Weighing the Week Ahead: Should Investors Worry about the Yield Curve?
Last Week Recap
In my last edition of WTWA I previewed the annual Fed Jackson Hole symposium. I provided the material for your own party bingo card on what to expect from the punditry. Many of the suggestions were covered early in the week and all of them by Friday. I noted that many would leave after the release of Powell’s speech. The chart for the week (below), shows a flat line for the rest of the day.
Finally, and most importantly, the news continues to be framed in terms of when the bull market will end and what will cause it. How different it would be if experts were asked about the key market drivers and whether they were still working. As always, Alan Steel’s commentary is clever, humorous, and accurate. Here is a tidbit:
Some two-thirds remain neutral to bearish by the American Association of Individual Investors’ (AAII) reckoning – unwilling to leave the March 2009 dour sentiment party gathering of anoraks, recessionistas, safety-seekers and economists (does that spell ‘arse’?).
Millions stand steadfast in that nine-year-long line, taking in turn their opportunity to swing the Trump, Turkey and trade war baton at the stock market pinata; a torn and battered beast yet stuffed and sturdied with stable economic indicators despite the unyielding headline assaults.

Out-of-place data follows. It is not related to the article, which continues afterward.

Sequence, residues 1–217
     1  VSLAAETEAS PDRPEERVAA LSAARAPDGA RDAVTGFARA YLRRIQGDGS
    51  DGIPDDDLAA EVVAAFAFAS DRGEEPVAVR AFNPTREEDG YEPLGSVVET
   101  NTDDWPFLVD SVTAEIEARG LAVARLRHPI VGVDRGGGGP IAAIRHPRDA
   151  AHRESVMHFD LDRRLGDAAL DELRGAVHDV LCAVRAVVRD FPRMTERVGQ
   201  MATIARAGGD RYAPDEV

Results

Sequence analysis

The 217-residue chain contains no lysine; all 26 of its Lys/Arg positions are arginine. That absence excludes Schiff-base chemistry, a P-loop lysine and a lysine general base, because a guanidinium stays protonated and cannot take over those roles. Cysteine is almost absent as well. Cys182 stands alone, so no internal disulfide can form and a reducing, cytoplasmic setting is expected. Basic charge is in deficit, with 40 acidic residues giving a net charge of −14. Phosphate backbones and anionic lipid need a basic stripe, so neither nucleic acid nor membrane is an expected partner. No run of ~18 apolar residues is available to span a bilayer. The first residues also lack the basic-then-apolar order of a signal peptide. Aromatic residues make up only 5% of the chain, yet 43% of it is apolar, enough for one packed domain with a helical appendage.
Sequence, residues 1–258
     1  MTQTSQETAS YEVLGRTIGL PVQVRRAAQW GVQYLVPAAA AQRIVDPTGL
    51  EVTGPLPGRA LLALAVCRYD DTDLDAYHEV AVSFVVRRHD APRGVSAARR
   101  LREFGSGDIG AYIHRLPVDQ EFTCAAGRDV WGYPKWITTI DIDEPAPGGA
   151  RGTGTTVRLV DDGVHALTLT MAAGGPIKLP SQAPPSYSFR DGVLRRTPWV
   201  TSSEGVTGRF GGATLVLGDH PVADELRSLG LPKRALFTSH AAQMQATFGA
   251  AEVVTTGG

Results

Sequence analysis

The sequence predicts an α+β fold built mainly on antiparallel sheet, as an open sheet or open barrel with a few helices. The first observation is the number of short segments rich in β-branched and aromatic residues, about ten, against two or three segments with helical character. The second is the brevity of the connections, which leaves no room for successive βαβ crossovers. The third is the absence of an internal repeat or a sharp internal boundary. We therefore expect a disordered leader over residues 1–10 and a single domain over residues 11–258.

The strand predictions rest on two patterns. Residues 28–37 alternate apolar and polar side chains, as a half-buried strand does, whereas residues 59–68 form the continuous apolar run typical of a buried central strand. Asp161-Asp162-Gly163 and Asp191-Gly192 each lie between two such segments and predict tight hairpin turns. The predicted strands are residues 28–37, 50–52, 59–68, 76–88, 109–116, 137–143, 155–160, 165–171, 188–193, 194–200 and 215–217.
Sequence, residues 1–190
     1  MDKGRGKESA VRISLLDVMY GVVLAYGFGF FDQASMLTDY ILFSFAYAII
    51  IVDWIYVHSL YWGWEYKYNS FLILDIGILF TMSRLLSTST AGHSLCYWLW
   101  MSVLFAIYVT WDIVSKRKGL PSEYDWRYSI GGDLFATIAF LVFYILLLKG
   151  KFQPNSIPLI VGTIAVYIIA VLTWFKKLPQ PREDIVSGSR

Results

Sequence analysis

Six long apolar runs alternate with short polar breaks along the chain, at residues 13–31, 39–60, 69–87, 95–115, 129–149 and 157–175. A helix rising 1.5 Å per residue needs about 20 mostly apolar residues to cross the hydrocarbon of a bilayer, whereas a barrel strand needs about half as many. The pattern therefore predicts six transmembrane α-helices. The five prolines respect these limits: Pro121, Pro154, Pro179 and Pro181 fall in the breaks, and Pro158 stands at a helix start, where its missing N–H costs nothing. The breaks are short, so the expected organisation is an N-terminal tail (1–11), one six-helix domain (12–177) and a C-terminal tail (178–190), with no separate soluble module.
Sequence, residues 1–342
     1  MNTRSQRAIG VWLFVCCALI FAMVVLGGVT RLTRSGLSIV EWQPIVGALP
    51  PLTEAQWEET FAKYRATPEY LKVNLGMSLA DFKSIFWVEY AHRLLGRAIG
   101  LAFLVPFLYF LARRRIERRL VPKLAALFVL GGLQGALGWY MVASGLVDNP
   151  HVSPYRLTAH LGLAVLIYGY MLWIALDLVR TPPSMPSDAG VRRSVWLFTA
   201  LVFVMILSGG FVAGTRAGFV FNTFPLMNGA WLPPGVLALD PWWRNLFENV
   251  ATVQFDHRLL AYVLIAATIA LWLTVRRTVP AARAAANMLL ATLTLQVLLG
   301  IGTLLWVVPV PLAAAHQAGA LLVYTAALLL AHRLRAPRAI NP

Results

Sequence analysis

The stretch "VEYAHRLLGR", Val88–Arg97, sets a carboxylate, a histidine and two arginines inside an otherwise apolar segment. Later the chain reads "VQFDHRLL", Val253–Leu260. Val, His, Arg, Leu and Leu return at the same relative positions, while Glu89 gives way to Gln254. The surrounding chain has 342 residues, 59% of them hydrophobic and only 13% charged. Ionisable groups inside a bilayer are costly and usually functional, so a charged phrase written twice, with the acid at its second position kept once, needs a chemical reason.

The Fear and Greed Trader also notes the deceptive framing of issues:
Not a week goes by when someone doesn’t appear and make one or both of these comments. “We are late in the cycle” and “stocks are expensive”. The statements are made as a matter of fact and no one seems to challenge them.
The Story in One Chart
I always start my personal review of the week by looking at a great chart. I especially like the version updated each week by Jill Mislinski. She includes a lot of valuable information in a single visual. The full post has even more charts and analysis, including commentary on volume. Check it out.
The market gained 0.88% on the week and has reached a new all-time high. The chart reflects variation, but the scale is one again a narrow one. The weekly trading range was less than 1%. I summarize actual and implied volatility each week in our Indicator Snapshot section below. Volatility remains well below the long-term range.
Each week I break down events into good and bad. For our purposes, “good” has two components. The news must be market friendly and better than expectations. I avoid using my personal preferences in evaluating news – and you should, too!
When relevant, I include expectations (E) and the prior reading (P).